If the character of Macon Ravenwood – the spooky, mysterious yet perfectly cultured uncle of the teenage witch Lena Duchannes in the popular young adult novel “Beautiful Creatures” – seems like a a perfectly tailored fit for Jeremy Irons to play in the film adaption – well, it was.
Young adult novelists Kami Garcia and Margaret Stohl admit that when they were conjuring up a model for the gentlemanly but dangerous guardian of the heroine of their bestselling Caster Chronicles series, Irons was the erudite man on their minds – never dreaming their tale would be ultimately brought to the big screen with Irons himself in the role. The 64-year-old Academy Award-winning actor reveals that having a part written with him in mind hasn’t always been a big selling point, explains his ambivalence about total preparation versus no preparation, and offers sage advice for all those pursuing the life of an actor, Oscar or no Oscar.
When did you discover that you were an inspiration for the character on the page?
I remember somebody telling me at some point, but honestly, I can't remember, whether it was before I signed or after I signed. Hopefully the writers are happy with what I finally produced, whether it was something sort of similar to what they had in mind. I rather hope not, because I'd hate to be thought as being completely expected and conventional. But I have in the past received scripts from people who said, ‘I wrote this with you in mind,’ and I’ve absolutely hated it, so it's not something I find particularly attractive to be told.
What struck you about this character that made you want to walk around in his shoes?
I talked a bit to Richard LaGravenese and having read the script, I thought he had a certain sort of wit and charm and enigmatic quality which I liked. I liked some of the scenes he had. I wasn't very clear, and I'm still not very clear about who he is and why he is. I think that's one of the problems with Macon – I think you even find that in the book from what I understand, although I never read the book. I was warned off that by Richard who said, ‘You won't find that helpful. We actually have to distill the book into the movie.’ And I came on to the movie very late straight off another film, and I just didn't have time actually to read the books. So since he is a man who has power to change a lot about himself and about his environment, it's fairly difficult to pin him down which I think is perhaps how he should be.
Do you enjoy jumping in a bit unprepared?
I used to feel that way, but I'm not sure I now feel like that. I've just done 'Henry IV' for PBS – mind you, that's Shakespeare – and I was completely prepared for that and I found it a great help. But I think there's some dialogue and some situations...I suppose I'd think of it like a tennis play. You hope you’re fit. You hope you don't miss the shot. You come up to the court, and you don't know what's going to happen. On ‘Margin Call,’ I had no preparation for. Even if I wanted to be prepared for that, I couldn't because there wasn't time. I would have liked to have been more prepared for that. So I think now probably the way that I would aim to be is to be completely ready for anything, which demands a certain preparation – and then just throw it all out.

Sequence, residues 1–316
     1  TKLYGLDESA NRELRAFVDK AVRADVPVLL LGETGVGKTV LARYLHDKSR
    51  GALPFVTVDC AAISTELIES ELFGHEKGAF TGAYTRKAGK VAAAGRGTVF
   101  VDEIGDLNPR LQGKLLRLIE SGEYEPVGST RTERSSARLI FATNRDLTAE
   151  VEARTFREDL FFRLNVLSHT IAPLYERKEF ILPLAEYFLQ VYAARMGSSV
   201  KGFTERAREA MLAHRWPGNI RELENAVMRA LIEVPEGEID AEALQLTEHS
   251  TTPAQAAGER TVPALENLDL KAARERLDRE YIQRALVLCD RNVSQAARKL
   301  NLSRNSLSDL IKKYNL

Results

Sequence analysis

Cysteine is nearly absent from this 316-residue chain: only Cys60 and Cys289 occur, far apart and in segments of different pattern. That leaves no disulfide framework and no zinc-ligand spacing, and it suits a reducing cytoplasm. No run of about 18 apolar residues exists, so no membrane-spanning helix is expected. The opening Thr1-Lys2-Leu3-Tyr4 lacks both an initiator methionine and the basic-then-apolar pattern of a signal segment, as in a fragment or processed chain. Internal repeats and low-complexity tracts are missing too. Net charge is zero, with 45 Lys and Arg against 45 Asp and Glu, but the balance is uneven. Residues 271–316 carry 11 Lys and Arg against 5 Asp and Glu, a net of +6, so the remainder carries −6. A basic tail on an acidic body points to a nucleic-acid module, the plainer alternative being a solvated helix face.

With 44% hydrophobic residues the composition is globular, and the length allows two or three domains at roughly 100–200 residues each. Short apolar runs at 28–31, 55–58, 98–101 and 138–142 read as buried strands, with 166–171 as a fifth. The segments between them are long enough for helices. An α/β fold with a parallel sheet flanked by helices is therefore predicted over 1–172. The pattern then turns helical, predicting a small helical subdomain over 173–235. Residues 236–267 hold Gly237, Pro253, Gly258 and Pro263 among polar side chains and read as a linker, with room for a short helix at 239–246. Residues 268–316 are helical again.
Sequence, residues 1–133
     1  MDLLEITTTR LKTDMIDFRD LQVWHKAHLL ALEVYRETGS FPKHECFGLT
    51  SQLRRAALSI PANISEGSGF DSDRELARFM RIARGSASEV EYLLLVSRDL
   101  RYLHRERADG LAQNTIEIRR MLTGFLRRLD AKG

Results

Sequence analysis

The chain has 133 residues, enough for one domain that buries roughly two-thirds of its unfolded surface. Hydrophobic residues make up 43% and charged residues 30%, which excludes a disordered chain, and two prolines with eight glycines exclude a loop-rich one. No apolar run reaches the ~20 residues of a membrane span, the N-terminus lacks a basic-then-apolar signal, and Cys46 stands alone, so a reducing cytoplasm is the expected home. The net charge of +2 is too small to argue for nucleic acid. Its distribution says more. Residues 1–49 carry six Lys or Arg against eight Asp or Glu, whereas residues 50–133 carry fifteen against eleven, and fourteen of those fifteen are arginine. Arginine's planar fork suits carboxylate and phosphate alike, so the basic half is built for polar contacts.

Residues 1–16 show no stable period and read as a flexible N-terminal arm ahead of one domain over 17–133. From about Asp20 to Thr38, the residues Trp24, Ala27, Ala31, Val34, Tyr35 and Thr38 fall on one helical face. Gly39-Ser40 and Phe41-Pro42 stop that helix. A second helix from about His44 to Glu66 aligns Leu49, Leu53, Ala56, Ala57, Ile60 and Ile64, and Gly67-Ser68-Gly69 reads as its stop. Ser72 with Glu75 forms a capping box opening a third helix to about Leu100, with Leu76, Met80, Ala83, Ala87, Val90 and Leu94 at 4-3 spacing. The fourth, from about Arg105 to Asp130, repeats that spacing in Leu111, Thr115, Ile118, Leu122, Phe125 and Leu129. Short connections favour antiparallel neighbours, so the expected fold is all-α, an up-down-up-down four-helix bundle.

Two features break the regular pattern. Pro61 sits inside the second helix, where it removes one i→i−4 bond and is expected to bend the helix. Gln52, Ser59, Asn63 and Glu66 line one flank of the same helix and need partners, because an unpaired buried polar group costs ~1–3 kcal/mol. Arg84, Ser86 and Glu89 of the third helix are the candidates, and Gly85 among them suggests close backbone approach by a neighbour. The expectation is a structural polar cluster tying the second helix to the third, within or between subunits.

The younger actors on this film often get asked if they've received advice from the more experienced actors. They say no one ever sits down and goes, ‘Let me tell you....’ But if you had to impart something to the people who are going to make a living as actors, what would you say?
Don't give up.
Is it easy to want to give up?
Yeah. You're always being slapped down. You're always being rejected. You're always being made to feel you can’t do it, and the ones who succeed are the ones who don't give up. I was told that by the principal in my theater school. I remember calling him: I was working down at The Old Vic in Bristol, and it was twelve o'clock at night. We were changing one play out from another set was coming in. In those days, I used to get asthma from the dust in the theater. It was an old theater, so I was always wheezing and I wasn't getting any roles on stage. I was doing all the stuff off stage and working very long hours. And I remember calling him and moaning, ‘Not sure I can deal with this.’ On the other end of the line, he said, ‘Soldier on, Jeremy. Soldier on.’
Does that still apply, even after one has won an Oscar?
Yeah, I think so. Oscars are great, but people forget. And really, my career wasn't any different either side of the Oscars. I just kept trying to do what amused me and what interested me and working with people I admired. And that's telling stories that interested me, and that never changed. And you go through periods where everybody wants you, and you go through periods where nobody wants you. It's the nature of it. I suppose by the time you get to my stage of life, it just becomes your way of life. I mean, I've been able to get a pretty broad base. I have theater in New York, and I also have theater in London. I have films in Europe or films in England or films here, television. I can move around a bit if a particular market becomes less interested in me, and it had been for a bit. But it will come back.
Nothing’s decided. I'm probably going to do another series of ‘The Borgias.’ I've done sort of two years straight. I've made four films, two series of ‘The Borgias’ and two documentaries, and I'm sort of feeling now I'd quite like to stop for a little bit.